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Hogan knew he had to make a change.

Hulk Hogan at the VH1 Big in '06 Awards in 2006
s_bukley / Shutterstock

Hogan realized that he needed to do something to break the cycle.

"[F]inally, I just looked at myself and said, 'I'm not in pain. I don't need this. My body hurts from all the wrestling injuries, but I'm not in this excruciating pain that I can't live with.'"

He began using CBD (or, cannabidiol, which is a compound in marijuana). Hogan told Muscle and Health that taking CBD, which does not produce a high, helped him with pain and inflammation. He has now gotten into the CBD business himself. "I'm really focusing on helping people with their health, whether that's guys coming back from the war, hardcore drug users, or people who've got themselves into the prescription trap following illness or anxiety," he said.

Hogan previously explained to TMZ Sports how using CBD helped him get sober from pills. "It definitely helped me because as I said the slow walk back from the prescription drugs ended with me downing the Tylenol and the Advil and Aleves and finally even that wasn't working for me," he said.

According to Harvard Health Publishing, research, self-reports, and studies have shown that CBD may help with issues such as pain and anxiety, but it should be noted that are potential side effects and that most CBD products are not regulated by the Food and Drug Administration.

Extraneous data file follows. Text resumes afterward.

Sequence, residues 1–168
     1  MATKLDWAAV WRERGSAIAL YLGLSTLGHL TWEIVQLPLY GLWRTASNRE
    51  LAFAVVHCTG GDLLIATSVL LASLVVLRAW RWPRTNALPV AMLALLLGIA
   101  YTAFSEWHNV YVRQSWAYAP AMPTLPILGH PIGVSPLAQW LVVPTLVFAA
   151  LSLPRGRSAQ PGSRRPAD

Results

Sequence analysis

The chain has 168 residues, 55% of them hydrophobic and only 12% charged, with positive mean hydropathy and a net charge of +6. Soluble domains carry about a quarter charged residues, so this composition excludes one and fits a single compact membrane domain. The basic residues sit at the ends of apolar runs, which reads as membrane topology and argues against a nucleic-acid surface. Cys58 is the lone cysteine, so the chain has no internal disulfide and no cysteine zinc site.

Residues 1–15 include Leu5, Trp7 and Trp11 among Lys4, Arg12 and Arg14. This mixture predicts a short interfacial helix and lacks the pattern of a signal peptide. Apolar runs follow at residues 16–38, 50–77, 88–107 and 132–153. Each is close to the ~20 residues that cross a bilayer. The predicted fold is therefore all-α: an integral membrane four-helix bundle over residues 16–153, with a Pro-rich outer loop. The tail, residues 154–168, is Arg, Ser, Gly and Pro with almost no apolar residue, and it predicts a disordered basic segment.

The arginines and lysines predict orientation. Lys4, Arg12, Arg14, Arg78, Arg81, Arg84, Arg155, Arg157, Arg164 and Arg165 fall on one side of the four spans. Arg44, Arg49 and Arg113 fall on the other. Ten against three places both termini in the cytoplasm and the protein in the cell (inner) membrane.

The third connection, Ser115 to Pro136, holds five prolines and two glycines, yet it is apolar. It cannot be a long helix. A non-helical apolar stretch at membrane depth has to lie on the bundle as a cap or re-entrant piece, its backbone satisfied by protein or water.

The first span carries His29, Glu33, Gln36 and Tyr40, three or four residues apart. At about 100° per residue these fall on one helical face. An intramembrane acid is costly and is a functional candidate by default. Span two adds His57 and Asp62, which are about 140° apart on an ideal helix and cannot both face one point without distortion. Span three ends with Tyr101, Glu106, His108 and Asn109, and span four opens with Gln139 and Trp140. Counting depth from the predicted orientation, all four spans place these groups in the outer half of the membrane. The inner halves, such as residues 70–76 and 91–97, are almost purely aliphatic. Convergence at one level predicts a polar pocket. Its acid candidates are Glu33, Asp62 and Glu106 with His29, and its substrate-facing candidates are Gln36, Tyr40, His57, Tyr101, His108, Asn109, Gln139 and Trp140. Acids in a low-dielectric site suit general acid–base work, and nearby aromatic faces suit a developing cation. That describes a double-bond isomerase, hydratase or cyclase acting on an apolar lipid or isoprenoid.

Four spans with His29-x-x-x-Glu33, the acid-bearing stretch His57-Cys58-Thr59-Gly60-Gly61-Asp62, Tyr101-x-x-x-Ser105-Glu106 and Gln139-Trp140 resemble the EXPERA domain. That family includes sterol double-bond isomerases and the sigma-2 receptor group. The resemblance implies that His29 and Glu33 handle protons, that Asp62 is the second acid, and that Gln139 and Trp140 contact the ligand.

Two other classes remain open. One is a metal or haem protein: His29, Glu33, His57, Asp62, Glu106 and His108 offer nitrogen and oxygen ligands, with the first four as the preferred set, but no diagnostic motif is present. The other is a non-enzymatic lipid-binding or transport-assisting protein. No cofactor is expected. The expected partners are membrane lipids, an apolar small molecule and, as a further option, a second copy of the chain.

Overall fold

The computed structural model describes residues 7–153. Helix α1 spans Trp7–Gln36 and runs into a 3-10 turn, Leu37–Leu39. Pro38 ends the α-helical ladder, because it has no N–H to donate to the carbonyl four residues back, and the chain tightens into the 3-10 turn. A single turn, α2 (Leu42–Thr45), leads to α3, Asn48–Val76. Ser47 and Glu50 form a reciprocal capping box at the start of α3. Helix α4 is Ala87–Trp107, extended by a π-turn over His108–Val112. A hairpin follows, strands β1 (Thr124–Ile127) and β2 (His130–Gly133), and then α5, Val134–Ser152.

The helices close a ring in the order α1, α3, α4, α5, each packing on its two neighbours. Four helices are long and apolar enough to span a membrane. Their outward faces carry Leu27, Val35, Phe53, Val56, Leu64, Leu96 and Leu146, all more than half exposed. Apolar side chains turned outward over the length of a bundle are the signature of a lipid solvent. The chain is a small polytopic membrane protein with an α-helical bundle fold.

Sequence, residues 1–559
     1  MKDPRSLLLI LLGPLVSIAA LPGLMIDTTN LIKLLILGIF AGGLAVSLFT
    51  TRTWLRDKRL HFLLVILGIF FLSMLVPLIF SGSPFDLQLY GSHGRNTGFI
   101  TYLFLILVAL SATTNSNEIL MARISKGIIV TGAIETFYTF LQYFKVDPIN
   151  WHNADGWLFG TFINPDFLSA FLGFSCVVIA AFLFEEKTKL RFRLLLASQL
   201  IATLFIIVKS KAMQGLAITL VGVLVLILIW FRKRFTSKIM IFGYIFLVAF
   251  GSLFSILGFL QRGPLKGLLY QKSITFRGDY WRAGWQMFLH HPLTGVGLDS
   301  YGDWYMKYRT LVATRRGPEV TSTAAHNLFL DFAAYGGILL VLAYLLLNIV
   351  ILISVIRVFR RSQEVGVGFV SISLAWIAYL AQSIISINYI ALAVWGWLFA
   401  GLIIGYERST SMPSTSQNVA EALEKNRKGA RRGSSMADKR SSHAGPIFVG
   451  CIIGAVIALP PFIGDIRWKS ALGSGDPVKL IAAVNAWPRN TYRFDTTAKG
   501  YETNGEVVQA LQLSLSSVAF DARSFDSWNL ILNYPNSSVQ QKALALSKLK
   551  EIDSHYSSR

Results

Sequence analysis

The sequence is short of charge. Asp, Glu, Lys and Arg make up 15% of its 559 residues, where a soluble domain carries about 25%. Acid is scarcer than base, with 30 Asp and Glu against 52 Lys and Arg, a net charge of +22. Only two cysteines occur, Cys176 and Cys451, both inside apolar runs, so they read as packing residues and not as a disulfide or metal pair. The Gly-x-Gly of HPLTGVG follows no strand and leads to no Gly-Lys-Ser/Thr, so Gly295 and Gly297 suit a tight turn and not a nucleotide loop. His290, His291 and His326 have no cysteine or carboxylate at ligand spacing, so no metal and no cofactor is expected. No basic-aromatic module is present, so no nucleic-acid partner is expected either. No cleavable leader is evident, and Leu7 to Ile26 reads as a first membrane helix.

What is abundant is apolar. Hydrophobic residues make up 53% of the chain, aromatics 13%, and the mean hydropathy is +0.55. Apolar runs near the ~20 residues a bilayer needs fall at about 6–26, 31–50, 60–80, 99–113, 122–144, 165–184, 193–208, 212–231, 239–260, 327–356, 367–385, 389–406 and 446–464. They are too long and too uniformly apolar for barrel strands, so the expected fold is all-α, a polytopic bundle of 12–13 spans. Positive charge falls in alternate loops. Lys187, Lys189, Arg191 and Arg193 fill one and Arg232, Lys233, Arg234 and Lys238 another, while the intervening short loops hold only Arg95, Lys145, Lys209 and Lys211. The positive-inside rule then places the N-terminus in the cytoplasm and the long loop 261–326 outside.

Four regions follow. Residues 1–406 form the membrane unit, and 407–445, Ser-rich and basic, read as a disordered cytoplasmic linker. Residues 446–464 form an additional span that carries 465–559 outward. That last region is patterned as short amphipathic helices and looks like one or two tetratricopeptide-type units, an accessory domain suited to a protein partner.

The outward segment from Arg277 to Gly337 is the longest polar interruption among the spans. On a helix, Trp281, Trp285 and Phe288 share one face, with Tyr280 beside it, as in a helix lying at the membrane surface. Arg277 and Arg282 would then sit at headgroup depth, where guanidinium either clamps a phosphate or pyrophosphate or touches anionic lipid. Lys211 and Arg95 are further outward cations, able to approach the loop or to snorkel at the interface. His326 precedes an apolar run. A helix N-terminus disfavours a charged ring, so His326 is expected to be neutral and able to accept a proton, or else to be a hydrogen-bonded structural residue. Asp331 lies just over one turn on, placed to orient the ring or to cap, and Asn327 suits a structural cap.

RELATED: The Real Reason Kelly Ripa Stopped Drinking Alcohol.

He also stopped drinking.

Hulk Hogan at WWE 20th Anniversary Celebration in 2019
Jerod Harris/Getty Images

Hogan also told Muscle and Health that he made the choice to stop drinking alcohol after attending a New Year's Eve party at the beginning of this year. He wrestler said that he "saw a bunch of stuff that [he] didn't condone or like," adding, "I saw myself in this environment, and I went, 'You know what? I don't know how I got here, but I'm done.'"

He added, "It feels much better to be so clear-headed. I'm no longer tempted to drink alcohol. I don't have an addictive personality. I mean, with anything. It can be business or people or alcohol or drugs. When I'm done, I'm done."

Hogan said that he's had some friends try to pressure him to drink, but that he's stuck with his decision. "I've had certain wrestlers look at me in the face and go, 'If you don't have a drink with me, you're not my friend.' Well, I am your friend, but I'm not going to drink with you. What are you going to do about it?" he said. "Sometimes wrestlers are a little intimidating. I have a lot of friends who like to party, but they no longer try to push alcohol on me."

Lia Beck
Lia Beck is a writer living in Richmond, Virginia. In addition to Best Life, she has written for Refinery29, Bustle, Hello Giggles, InStyle, and more. Read more